Prolific, abundant, and delicious, the top edible “weed” is lambsquarters. It grows with little effort in almost any disturbed soil and is one of the most nutrient-dense plants ever analyzed. It is rich in potassium and magnesium and has more vitamins A and C, riboflavin, and calcium than domesticated spinach.
Identification: The leaves of the Lambsquarters are arranged in a starburst pattern, and vary in shape from narrow and pointed, to rounded and triangular. They may grow up to four feet tall, though they lose flavor as they age. The waxy coating on the leaves makes water bead and deters insects.
Poisonous look alike: The Hairy Nightshade. The leaves on these two plants are similar, but the nightshade is hairy, while the Wild Spinach are not. They are also easily discernable by their flowers. Hairy nightshade flowers are white, while lambsquarters flowers are green and inconspicuous. Another way to identify lambsquarters is to spray the leaves with water and look for droplets.
Harvesting: Thin the patch by pinching shoots close to the ground and placing the baby shoots in a bowl of water to keep them from drying out. Harvest larger plants by pinching the upper stem. If the stem pinches off easily, it is tender enough to eat. If the stem is old and woody, pluck only the leaves, though pruning the woody stem will stimulate new growth. If the leaves are too old, they may become bitter but are still usable cooked with onion, garlic, or in a stew.
Source: Kallas, John. Edible Wild Plants, Wild Foods from Dirt to Plate. Gibbs Smith Publishing (2010) Print
Of the myriad of species collected, Francisca relied on Hemp-Agrimony above all others, collecting the leaves and flowering tops in August before they opened and dried.
Vitamin C in plants such as Hemp-Agrimony staved off scurvy and colds during the long Vosges winter without fresh fruits.
A tea made from Hemp-Agrimony leaves or dried flowers is a natural cure for colds and sore throats, reduced fever, and relieved stomachaches. The bruised leaves applied directly to the skin healed wounds or infections or rubbed on domestic animals repelled insects. Placing the leaves in a bath relieves aching muscles and joints and compress of the leaves relieves headaches. Even the roots from the plant were used as a laxative.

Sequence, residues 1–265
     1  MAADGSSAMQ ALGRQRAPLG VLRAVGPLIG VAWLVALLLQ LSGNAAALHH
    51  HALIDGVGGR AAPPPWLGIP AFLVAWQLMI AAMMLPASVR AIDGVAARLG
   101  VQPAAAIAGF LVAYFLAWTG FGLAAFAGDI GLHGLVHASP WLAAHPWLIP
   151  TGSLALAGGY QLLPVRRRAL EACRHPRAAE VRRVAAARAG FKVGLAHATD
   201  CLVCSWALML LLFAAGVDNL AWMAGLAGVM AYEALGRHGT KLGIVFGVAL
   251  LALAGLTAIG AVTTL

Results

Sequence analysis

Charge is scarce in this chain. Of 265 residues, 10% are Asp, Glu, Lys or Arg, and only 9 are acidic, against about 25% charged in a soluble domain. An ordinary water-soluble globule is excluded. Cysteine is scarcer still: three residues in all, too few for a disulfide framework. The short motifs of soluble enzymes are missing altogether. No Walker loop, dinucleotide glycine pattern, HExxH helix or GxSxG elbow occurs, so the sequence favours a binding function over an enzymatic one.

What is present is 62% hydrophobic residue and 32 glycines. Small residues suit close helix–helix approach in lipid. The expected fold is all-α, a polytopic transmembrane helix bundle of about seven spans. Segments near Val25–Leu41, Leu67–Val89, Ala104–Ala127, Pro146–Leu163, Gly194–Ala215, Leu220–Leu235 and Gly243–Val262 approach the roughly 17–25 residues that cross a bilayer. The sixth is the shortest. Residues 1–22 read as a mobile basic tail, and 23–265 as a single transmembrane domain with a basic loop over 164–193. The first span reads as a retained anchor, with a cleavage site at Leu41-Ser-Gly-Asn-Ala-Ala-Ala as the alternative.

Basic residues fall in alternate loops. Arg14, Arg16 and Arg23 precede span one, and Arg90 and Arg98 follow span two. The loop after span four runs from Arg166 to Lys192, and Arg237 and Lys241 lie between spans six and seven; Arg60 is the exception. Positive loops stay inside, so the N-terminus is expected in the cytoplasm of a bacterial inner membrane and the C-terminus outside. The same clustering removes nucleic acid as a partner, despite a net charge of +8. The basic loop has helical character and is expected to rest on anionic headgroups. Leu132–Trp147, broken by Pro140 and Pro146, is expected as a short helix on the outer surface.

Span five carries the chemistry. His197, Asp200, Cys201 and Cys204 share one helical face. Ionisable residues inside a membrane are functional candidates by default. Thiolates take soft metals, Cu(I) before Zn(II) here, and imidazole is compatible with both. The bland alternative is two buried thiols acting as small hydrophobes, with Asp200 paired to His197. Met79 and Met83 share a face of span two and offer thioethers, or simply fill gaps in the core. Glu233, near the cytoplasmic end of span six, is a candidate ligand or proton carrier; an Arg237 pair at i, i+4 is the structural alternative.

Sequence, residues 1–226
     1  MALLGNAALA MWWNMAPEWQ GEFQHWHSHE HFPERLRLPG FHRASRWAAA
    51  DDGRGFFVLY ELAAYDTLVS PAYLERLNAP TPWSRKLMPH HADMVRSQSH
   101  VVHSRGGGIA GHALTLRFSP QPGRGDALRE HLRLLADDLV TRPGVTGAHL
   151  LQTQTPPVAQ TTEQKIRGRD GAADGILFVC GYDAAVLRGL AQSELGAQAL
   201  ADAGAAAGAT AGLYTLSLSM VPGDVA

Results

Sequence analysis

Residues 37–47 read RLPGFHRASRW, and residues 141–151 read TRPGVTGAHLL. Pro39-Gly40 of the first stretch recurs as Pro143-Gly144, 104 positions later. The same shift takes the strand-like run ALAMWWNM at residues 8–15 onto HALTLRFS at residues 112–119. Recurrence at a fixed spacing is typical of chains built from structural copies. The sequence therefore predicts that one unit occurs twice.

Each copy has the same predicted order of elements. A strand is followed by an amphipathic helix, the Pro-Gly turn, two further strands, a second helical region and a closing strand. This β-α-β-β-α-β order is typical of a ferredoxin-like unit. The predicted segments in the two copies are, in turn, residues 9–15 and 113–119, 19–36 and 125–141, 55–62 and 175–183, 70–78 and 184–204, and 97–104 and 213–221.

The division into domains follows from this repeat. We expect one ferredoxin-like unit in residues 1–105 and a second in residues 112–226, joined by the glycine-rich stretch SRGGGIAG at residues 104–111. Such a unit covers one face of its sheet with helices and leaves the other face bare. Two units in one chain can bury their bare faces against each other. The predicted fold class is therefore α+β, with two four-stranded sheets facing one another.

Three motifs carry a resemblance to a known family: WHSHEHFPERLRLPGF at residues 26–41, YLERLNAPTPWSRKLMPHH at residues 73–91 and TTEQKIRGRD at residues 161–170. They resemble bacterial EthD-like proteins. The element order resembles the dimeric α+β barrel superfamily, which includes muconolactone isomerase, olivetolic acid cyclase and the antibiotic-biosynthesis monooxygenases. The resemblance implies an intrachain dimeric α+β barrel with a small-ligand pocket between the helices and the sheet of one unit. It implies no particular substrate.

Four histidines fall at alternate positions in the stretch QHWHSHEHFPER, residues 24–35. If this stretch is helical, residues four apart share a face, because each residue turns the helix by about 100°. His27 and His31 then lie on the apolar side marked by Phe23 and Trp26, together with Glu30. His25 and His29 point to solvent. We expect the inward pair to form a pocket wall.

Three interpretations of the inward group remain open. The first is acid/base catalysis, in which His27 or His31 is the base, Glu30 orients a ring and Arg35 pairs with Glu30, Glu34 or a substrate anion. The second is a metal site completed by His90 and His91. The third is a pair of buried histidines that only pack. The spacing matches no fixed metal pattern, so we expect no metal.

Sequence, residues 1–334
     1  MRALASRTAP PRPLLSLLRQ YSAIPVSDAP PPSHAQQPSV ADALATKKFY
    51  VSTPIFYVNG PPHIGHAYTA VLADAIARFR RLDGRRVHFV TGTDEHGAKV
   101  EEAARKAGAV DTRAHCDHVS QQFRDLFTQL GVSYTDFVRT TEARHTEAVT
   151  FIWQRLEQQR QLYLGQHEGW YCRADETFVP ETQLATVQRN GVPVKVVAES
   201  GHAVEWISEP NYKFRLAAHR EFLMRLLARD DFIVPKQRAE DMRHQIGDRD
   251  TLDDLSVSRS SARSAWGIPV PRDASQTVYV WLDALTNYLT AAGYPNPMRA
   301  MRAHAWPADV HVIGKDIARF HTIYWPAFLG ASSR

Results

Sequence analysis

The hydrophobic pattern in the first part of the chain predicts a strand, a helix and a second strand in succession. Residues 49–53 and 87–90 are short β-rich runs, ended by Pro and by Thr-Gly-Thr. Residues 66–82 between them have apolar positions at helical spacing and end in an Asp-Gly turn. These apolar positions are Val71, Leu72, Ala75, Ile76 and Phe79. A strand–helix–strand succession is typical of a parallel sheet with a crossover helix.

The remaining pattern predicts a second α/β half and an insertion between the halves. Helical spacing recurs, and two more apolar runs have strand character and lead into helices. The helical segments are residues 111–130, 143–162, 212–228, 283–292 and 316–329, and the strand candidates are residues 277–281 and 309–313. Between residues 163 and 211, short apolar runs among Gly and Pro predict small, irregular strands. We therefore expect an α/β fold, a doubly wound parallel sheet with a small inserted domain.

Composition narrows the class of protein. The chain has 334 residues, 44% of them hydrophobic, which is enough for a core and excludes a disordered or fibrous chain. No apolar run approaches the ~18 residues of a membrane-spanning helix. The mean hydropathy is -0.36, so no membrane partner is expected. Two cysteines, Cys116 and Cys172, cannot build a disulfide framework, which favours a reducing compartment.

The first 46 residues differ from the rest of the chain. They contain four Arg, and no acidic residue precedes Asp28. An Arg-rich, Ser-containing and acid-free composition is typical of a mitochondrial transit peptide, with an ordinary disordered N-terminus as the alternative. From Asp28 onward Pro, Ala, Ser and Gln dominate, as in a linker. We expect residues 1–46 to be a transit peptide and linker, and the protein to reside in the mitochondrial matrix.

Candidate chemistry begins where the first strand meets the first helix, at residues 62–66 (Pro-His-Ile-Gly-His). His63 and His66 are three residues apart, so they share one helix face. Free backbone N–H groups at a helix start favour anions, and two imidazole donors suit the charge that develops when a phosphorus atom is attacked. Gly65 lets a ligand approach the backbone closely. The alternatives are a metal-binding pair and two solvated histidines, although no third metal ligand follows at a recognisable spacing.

To harvest, wear long pants and boots as it is found in wet soil near swamps and thickets or along freshwater streams, the same place snakes like to inhabit.
Hemp-Agrimony is a tall woody plant, growing between two and five feet high with long, toothy leaflets. The leaves grow in familiar tiered hemp-style in pairs of three lobes. Reddish stems covered in downy hair with clusters of tiny pink or white flowers that burst forth from July to September.
Hemp-Agrimony is no relation to Agrimony, a plant with yellow flowers, nor is it related to Cannabis Hemp, though the shape of the leaf is similar.
PLEASE NOTE: All parts of the plant are poisonous if eaten and should only be ingested as tea.
Source: Weiner, Michael A., Earth Medicine, Earth Food. MacMillan Publishing Co, Inc. (1980) Print
People have used ginger for thousands of years to expel toxins in the body. Ginger’s natural anti-inflammatory properties will soothe your throat and warm your body to chase colds away. You need about a two-inch piece of ginger root. Peel and thinly slice and add to about four cups of water. Allow to simmer for about 15-20 minutes, and then strain into a mug. Ginger is naturally sweet, so taste before adding anything additional, but a squeeze of lemon, cinnamon, and honey also adds flavor and benefits.
Weiner, Michael A., Earth Medicine, Earth Food. MacMillan Publishing Co, Inc. (1980) Print https://www.naturalnews.com/042226_common_cold_natural_remedies_apple_cider_vinegar.html